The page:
In January 2022, LATAM won court approval of its $5.4 billion backstop commitment agreements, which were integral to the RSA and resulted in the backstop of billions of dollars in new money investments that will be essential to LATAM’s ability to exit bankruptcy well positioned to continue their prepetition success. The backstop arrangements in LATAM’s case are unique in that, whereas most commitments are in place for only a few months, LATAM obtained backstop commitments that, subject to certain conditions, could extend more than ten months—at a time when the parties faced significant risk due to overall uncertainty in the economy, the continued effects of the COVID-19 pandemic, and volatile fuel prices—thereby paving a way for LATAM’s successful exit from bankruptcy. The backstop agreements were opposed by several groups of minority creditors and, again after a multi-day evidentiary hearing, the Bankruptcy Court issued an eighty-five-page decision approving the backstop agreements in full and rejecting all arguments raised by the objectors, paving the way for LATAM to proceed to plan confirmation.

On March 21, 2022, the Bankruptcy Court entered an order approving LATAM’s disclosure statement, and LATAM shortly thereafter commenced the plan voting and solicitation process. The solicitation process ultimately resulted in overwhelming support for the plan, with over 81.95% of holders in amount of LATAM Airlines Group S.A. general unsecured claims, 100% in Class 7 claims, and 95.79% in amount of Class 1 claims voting to accept the plan.

In April 2022, the Bankruptcy Court rejected an attempt by the UCC to invalidate a $1.5 billion intercompany claim, which was an integral part of the plan’s global compromise, namely the unimpairment of two series of international bonds issued prepetition. Following a full-day evidentiary hearing, the Bankruptcy Court issued a forty-four-page opinion entirely siding with LATAM.

Beginning in May 2022, LATAM’s plan was originally opposed by nearly ten different parties, including the UCC, a local bond trustee, the U.S. Trustee, two separate ad hoc creditor groups, and certain minority equity holders. Through weeks of negotiation, LATAM was able to announce a comprehensive settlement with the local bond trustee and the UCC shortly before the commencement of the confirmation hearing. Nonetheless, other objectors pressed their claims during a hotly-contested, week-long evidentiary hearing. During those proceedings, the Bankruptcy Court heard in-depth fact and expert testimony and argument concerning a variety of complex U.S. and Chilean legal issues. In June 2022, the Bankruptcy Court issued a 125-page decision overruling every objection and finding that LATAM’s “Plan represents a delicate, intricate and integrated compromise of myriad claims, arguments, and rights.”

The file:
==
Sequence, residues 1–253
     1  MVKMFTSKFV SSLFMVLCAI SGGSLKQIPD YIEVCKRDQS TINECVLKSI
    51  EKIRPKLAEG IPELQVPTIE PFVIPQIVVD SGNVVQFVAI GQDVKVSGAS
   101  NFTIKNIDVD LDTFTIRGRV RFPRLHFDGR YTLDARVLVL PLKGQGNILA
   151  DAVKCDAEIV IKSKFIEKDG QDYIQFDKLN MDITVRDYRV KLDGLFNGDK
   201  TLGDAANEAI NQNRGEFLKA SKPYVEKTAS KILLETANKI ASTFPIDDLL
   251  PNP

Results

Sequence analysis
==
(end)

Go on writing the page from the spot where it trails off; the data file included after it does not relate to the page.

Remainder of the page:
In August 2022, following the Bankruptcy Court’s confirmation of the plan, two creditor groups appealed the confirmation order to the United States District Court for the Southern District of New York (the “District Court”). On August 31, 2022 the District Court forcefully rejected both groups’ appeals, including one group’s request for a stay of the confirmation order, finding it would be “particularly inappropriate to forestall consummation of the Plan where the only harm to the appellant absent a stay is the possibility that the appellant may be unable to pursue a second appeal that is almost certain to fail.” A further appeal was granted by the United States Court of Appeals for the Second Circuit; the matter has been fully briefed and as of this writing is sub judice.

[[Most recently, in September 2022, LATAM registered with and received approval from the Chilean Financial Market Commission for the securities and convertible notes contemplated by LATAM’s plan. Then, after almost two-and-a-half years since the commencement of the Chapter 11 Cases, on November 3, 2022, LATAM’s plan became effective, marking the company’s successful completion of its reorganization and its emergence from chapter 11 as a stronger and more streamlined global enterprise.]]

[1] LATAM and its debtor affiliates are represented by Cleary Gottlieb Steen & Hamilton LLP and Togut Segal & Segal LLP.

[2] In re LATAM Airlines Group S.A. et al., Case No. 20-11254 (JLG).